Civil Seizure, Detention, Freezing and Forfeiture in Criminal Proceedings
13 November 2018
In the latest column for Compliance Matters from experts in Guernsey's legal sector, Mourant Guernsey Advocate and Senior Associate Sally French discusses the use of Guernsey's civil forfeiture regime.
Guernsey's last MONEYVAL Evaluation Report, issued in September 2015, noted Guernsey's robust civil forfeiture framework. However, the report also found that the powers of civil forfeiture had not, at that time, been adequately applied and tested in tackling serious economic or other crimes related to Guernsey's financial industry. The report encouraged law enforcement to step it up in using these mechanisms.
In response to that recommendation, and in furthering plans already well underway at the time of the MONEYVAL inspection, Guernsey has now established a dedicated asset recovery team resourced by law enforcement officers and financial investigators. The International Cooperation and Asset Recovery Team (ICART) sit within the Financial Investigation Unit (FIU). ICART aims to be proactive rather than reactive in taking asset recovery measures and was intended to recover its £2m set up costs, become self-financing and contribute surplus funds not subject to other obligations to Guernsey's seized asset fund.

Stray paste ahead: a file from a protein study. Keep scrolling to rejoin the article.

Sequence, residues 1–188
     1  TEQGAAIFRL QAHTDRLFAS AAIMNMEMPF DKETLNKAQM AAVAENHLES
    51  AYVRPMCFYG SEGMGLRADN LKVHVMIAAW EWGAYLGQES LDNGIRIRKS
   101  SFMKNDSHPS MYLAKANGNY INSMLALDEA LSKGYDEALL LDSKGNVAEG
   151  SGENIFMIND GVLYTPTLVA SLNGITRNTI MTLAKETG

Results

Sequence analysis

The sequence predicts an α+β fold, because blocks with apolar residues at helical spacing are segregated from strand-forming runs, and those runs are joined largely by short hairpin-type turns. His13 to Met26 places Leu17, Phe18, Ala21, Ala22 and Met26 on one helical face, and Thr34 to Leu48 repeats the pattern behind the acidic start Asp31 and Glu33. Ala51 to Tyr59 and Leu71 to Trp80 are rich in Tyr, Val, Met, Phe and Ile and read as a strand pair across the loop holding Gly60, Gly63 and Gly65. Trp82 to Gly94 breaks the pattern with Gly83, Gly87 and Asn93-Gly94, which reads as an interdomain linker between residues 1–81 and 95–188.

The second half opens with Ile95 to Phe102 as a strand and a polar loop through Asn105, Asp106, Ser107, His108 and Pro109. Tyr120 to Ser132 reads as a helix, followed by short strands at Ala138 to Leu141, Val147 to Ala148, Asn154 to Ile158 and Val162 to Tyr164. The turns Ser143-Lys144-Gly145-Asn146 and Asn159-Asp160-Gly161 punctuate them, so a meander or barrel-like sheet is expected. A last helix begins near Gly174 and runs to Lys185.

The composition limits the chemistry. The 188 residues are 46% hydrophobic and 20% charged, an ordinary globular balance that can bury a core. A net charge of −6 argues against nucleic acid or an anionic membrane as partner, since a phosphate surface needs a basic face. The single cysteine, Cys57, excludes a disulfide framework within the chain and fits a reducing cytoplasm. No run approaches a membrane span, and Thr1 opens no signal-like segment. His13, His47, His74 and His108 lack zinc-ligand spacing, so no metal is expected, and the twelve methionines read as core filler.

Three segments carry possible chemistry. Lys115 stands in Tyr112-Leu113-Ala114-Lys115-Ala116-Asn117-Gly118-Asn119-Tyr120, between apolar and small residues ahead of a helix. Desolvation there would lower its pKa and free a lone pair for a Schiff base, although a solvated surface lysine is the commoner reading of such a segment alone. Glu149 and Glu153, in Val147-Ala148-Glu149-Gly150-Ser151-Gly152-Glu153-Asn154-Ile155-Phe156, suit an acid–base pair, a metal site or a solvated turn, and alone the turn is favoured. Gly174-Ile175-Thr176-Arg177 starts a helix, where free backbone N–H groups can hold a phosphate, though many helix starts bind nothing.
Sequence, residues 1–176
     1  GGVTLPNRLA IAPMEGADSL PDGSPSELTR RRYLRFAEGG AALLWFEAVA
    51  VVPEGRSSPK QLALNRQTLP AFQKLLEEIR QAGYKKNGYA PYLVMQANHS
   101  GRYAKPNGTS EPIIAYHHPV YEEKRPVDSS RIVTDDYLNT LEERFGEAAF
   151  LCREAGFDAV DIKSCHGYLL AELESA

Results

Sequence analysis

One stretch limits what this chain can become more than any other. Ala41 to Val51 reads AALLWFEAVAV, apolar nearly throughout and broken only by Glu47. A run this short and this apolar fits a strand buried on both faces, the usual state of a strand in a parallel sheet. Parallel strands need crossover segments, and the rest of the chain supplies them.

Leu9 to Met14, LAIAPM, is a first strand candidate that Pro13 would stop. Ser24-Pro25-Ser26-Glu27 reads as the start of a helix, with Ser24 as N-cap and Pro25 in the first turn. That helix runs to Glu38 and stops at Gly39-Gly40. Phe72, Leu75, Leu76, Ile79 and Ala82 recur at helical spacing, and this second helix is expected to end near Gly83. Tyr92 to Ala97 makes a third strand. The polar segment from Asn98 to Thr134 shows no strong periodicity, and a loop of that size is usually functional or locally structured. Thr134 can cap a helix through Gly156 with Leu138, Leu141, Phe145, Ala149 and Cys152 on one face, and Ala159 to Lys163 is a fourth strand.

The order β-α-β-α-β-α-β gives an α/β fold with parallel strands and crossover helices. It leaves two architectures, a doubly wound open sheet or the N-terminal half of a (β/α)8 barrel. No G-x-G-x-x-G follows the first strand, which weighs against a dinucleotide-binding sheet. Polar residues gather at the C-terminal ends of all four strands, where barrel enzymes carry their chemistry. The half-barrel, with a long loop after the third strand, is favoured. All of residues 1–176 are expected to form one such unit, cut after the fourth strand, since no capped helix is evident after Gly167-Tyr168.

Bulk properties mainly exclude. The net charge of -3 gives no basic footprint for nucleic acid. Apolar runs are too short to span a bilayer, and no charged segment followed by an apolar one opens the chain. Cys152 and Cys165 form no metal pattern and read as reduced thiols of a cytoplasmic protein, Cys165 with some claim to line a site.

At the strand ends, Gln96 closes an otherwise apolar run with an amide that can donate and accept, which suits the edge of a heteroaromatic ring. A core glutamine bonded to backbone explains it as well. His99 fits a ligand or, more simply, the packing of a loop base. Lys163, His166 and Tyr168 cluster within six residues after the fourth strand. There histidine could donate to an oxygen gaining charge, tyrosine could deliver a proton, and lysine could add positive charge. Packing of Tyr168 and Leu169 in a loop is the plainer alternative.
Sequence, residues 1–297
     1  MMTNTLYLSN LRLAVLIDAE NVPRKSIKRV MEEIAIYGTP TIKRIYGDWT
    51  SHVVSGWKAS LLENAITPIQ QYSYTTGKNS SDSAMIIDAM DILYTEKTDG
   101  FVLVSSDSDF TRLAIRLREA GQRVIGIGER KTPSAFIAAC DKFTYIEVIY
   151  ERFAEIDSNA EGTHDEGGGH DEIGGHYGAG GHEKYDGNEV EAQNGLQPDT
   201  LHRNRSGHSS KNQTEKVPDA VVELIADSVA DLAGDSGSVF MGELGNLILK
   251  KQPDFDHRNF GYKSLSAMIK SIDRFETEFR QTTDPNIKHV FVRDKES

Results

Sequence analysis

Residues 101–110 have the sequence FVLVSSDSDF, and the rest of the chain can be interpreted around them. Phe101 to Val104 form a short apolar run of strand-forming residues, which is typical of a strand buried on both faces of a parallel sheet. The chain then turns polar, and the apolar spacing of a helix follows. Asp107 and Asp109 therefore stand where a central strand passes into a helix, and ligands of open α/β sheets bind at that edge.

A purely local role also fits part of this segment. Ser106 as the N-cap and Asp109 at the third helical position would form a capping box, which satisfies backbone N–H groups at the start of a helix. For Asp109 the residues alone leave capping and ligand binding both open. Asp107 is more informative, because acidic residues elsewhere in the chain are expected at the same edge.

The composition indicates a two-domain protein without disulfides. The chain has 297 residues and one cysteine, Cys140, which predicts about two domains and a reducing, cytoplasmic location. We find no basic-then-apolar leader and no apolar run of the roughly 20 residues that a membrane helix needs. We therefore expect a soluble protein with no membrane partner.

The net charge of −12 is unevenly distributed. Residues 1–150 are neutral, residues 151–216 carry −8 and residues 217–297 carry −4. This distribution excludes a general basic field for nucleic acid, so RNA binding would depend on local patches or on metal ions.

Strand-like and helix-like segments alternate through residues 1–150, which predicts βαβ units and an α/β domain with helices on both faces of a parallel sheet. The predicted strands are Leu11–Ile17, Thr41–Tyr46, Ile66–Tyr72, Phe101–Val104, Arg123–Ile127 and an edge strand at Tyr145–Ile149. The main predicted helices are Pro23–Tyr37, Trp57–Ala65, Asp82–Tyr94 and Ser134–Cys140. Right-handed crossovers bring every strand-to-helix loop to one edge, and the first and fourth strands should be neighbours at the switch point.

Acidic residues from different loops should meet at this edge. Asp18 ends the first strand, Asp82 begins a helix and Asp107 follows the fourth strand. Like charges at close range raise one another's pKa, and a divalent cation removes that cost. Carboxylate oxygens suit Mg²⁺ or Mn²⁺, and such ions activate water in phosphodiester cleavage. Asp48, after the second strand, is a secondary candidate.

ICART has been keeping itself busy. A high-profile success was published in December 2017 regarding the sharing with the United States government $14.3m recovered by Guernsey assisting on two US criminal cases in which money was laundered via Guernsey. We are also seeing more enquiries as to how orders for asset recovery and detention are to be handled.
What then are the powers available to Guernsey authorities in their asset recovery efforts and what should financial services businesses (FSBs) be alert to when subject to these powers? This Guide considers the police's powers of civil seizure, detention, freezing and forfeiture in criminal proceedings, together with the connected orders and issues which may arise.